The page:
We spoke to Gunter Kraemer about BorgWarner’s recent expansion in the rapidly growing turbocharger market.

Can you give us an idea of your production network for manufacturing turbochargers?

We have plants all around the world, in the US, Brazil, Mexico, China and South Korea, and a joint venture in India, plus four European plants in the UK, Germany, Hungary and Poland.

How do you use these plants – just for the local market or do they supply on a wider geographic basis?

In general, our plants supply their local markets, but one of the Chinese plants exports to Malaysia and other markets around Asia while our plant in South Korea supplies to customers in Japan.

How has this network grown in recent times?

We have grown our turbocharger production capability as the global market has grown and in response to customer demand. For example we have increased capacity at our Bradford plant in the UK which supplies turbochargers for the new JLR engine plant. This plant was formerly focused on the CV market which meant lower volumes, so it has undergone quite a change.

Have there been other developments in Europe?

Yes, we have started to expand our plant in Hungary again, increasing our existing capacity and will increase employment to at least 200, although there could be many more workers here in due course.

You have just opened a new plant in China: can you tell us a bit more about this factory?

Our new plant in Taicang officially opened in September this year and is actually our second plant in China.  Our first plant is in Ningbo which opened back in 2006.   In 2012, we also opened an engineering centre in Ningbo.

What prompted the decision to open a second plant?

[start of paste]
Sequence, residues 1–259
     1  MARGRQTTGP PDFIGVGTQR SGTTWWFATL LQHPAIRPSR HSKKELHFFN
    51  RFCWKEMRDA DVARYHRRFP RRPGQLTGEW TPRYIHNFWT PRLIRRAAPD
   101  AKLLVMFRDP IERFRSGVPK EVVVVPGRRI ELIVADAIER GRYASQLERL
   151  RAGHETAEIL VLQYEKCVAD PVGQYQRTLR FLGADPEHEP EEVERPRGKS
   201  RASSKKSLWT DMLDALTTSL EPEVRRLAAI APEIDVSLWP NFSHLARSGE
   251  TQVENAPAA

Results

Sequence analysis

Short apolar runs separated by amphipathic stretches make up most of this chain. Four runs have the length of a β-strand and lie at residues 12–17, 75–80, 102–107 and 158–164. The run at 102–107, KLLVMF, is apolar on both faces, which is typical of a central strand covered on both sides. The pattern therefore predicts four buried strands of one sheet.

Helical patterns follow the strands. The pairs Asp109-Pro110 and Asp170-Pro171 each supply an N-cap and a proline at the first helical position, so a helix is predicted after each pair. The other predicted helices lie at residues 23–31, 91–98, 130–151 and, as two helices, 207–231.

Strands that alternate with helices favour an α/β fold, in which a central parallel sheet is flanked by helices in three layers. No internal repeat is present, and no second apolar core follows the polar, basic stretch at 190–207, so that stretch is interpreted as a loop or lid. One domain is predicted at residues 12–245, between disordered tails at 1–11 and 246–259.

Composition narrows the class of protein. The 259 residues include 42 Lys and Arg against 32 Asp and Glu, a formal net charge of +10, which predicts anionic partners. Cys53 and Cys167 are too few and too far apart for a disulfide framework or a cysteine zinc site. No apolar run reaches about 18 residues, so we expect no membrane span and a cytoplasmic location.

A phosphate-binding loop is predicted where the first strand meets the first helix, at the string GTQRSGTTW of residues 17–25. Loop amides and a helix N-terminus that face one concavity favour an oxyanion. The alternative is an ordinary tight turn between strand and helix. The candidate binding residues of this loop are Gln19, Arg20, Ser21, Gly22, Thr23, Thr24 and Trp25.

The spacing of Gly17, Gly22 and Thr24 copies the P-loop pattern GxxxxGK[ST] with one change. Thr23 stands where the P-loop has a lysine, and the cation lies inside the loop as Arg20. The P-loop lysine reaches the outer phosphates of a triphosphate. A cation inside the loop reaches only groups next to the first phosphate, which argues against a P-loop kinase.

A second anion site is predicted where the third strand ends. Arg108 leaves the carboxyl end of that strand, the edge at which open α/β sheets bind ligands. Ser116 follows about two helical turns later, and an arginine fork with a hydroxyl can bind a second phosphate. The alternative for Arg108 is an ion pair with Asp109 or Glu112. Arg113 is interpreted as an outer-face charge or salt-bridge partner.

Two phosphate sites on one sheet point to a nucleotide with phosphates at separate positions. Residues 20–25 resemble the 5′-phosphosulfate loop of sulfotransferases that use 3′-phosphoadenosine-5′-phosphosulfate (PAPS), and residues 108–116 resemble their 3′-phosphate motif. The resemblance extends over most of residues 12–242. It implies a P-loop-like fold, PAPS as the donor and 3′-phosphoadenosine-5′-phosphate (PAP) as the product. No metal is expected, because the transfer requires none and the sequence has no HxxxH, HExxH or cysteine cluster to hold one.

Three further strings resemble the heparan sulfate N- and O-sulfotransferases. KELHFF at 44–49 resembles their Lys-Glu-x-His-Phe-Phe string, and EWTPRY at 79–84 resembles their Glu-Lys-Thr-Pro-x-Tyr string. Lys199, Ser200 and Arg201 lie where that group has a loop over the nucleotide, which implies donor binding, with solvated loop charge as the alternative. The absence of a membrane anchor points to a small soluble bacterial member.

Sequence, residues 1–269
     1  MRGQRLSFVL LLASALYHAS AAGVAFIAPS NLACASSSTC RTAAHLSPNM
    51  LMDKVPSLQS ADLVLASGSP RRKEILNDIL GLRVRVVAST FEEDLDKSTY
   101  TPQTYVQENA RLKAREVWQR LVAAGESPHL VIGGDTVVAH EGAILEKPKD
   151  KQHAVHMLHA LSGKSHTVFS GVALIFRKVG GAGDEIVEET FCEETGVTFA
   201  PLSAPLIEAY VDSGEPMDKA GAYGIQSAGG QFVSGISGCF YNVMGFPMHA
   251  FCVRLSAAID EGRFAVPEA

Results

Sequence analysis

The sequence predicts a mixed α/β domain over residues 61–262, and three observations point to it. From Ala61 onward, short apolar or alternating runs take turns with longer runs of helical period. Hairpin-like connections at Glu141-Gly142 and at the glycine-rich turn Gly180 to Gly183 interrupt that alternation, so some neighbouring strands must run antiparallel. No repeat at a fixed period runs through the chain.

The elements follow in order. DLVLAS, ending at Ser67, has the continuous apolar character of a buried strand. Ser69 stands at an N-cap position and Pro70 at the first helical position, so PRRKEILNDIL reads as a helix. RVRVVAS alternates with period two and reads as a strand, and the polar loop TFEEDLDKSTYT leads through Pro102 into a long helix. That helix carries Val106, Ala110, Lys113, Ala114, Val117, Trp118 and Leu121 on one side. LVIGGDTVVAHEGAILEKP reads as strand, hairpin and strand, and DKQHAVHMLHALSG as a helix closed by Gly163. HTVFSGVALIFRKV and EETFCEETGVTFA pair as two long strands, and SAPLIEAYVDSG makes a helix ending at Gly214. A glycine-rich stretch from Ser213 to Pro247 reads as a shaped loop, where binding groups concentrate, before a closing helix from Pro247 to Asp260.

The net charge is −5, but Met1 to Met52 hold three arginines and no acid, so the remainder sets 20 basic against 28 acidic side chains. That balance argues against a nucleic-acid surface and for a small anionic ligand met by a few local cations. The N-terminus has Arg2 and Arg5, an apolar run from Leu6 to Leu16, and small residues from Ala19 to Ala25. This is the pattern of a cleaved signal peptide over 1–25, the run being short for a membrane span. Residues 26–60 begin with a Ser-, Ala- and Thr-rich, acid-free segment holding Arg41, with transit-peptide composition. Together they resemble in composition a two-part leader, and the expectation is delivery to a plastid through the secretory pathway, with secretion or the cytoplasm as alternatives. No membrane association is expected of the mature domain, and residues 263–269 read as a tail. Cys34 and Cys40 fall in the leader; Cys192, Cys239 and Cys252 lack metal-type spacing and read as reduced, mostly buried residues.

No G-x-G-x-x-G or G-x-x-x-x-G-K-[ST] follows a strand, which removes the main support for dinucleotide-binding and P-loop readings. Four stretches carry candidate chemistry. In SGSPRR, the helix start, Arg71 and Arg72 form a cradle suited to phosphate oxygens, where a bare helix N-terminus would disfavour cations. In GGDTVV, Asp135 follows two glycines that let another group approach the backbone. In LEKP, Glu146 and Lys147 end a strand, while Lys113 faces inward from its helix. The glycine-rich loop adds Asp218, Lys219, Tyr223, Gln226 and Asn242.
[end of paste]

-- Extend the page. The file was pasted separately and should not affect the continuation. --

We see the light vehicle turbocharger market in China doubling, to more than 8.5m units a year, in the next five years as the Chinese authorities impose tougher emission rules across the country.  We hope to take a significant proportion of this market at many different car companies. 

How large will the new plant be?

We will start with around 150 employees and more than treble this by 2018; the factory building will cover about 15,000 square metres.  The factory is also a green, environmentally-friendly plant which makes use of geothermal energy sources for example and does not emit any carbon dioxide.

You have a wide range of customers and applications in turbochargers; can you give us some detail on some recent new contracts?

Let me start with the Chinese market; here we are supplying the turbochargers for Volkswagen’s latest four-cylinder petrol engine for this market.   The turbocharger will help the engines generate output of 96-101kw and will be produced in high volumes. 

Which turbocharger do you use here?

We are using our B01 unit which has an integrated waste gate and a mixed flow turbine.  This generates low inertia and a faster response at low engine speeds which is consistent with Volkswagen strategy of engine downsizing.

Is there another project on which you can give us some further details?

We are supplying our regulated two-stage turbocharger system (R2S) for the new Volvo 2.0 litre diesel engine.  This will be used on almost all new Volvo models. For example our unit will be on the V40 D4.

What are the specific benefits of the two-stage system?

We use two turbochargers, of different sizes, which allow the turbine and the compressor sides of the system to adapt to requirements on a constant basis, and also deliver boosting pressure across the entire engine speed range.  For example, at low engine speeds, all of the exhaust gas flow is directed into the small, high pressure turbocharger; this gives a very quick rise in boost pressure.  At higher engine speeds, the waster gate valve opens and the exhaust gas is also directed into the larger, low-pressure turbo.